The roguelike loop is ridiculously fun, it never disappoints. Since this is a religion, each new run is called a crusade, and at the start of a crusade, you’ll pick-up a melee weapon and a ranged weapon. Once you unlock vampiric starter melee weapons, it tends to make your crusaders rather overpowered, but it feels great. Then you’ll progress in a grid assortment similar to The Binding of Isaac or any roguelike with multiple paths. As you enter new rooms, sometimes they’ll be a reader, and you’ll be given a choice of tarot cards that will add buffs like adding an additional heart of health or increasing damage. Every other room is usually a combat arena to fight waves of enemies before clearing. It’s worth noting that there’s grass and stone that can be gathered for resources before moving on to the next room, and these resources come back to your compound. After defeating a boss, you go back to the cult to manage anything that needs tending to, then when you’re ready you can jump back into the next crusade.

The day-to-day cult stuff is pretty easy to pick-up and then commit to memory. Each day you get a refresh to conduct sermons, which increase faith and could resolve issues or prevent dissent. You can decide perform rituals like a feast to keep bellies full or sacrifice a follower for other bonuses. You can decide on doctrines that decide on either celebrating or hurting followers in a ritual. Once those tasks are done, tending to your crops are a necessity, as is picking up poop and vomit. You can also collect devotion from prayers, once maxed out it turns into divine inspiration which can be spent on an upgrade for the compound. It’s never a dull moment, and thankfully some of the more mundane tasks can be automated once you make more .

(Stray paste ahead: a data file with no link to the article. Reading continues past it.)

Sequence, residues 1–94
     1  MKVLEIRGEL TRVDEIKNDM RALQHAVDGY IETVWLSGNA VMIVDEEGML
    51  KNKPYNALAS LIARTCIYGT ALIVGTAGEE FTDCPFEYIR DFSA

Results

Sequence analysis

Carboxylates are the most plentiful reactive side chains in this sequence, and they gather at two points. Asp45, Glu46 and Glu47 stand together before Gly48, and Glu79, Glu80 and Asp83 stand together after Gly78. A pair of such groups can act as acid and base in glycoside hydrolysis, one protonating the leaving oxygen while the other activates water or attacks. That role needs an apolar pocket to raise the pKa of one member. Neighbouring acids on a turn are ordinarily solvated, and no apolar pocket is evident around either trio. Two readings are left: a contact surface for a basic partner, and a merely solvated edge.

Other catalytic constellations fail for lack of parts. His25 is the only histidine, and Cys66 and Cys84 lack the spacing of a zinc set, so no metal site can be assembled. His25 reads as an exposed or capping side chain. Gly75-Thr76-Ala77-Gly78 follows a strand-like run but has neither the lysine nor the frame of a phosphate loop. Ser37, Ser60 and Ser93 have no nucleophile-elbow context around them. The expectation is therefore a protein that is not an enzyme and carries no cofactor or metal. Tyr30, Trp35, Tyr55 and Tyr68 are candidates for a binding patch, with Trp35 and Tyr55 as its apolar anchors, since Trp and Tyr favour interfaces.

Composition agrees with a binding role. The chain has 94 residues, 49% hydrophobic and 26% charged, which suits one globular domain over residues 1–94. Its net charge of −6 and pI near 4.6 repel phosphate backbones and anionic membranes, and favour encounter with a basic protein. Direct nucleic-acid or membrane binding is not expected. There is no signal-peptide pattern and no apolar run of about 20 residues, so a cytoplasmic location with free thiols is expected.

Cult of the Lamb has skill trees of various kinds, from cult skill trees to personal skill tress, there’s so many ways to improve things not only for yourself, but the cult, too. Investing in the cult helps ensure they stick around and don’t get too upset. As you upgrade into weapons, you can introduce vampiric and poison weapons, making them incredibly powerful and essential for each of your crusades. It’ll take players anywhere from twelve to twenty-four hours to finish the game, but it’s a blast the whole way through.

While it may not seem obvious, you have to feed your followers, provide shelter, and give them tasks to keep them busy: cut wood, mine stone, or pray. Once you build a cooking station, you can make meals from items you grow, or things you collect. One time a follower pulled me aside, and asked me make a bowl of poop at their behest, so I did and he got sick, but it satisfied their interest. Your followers can be weird, and it’s hard because when you receive requests from your followers, denying them will reduce faith.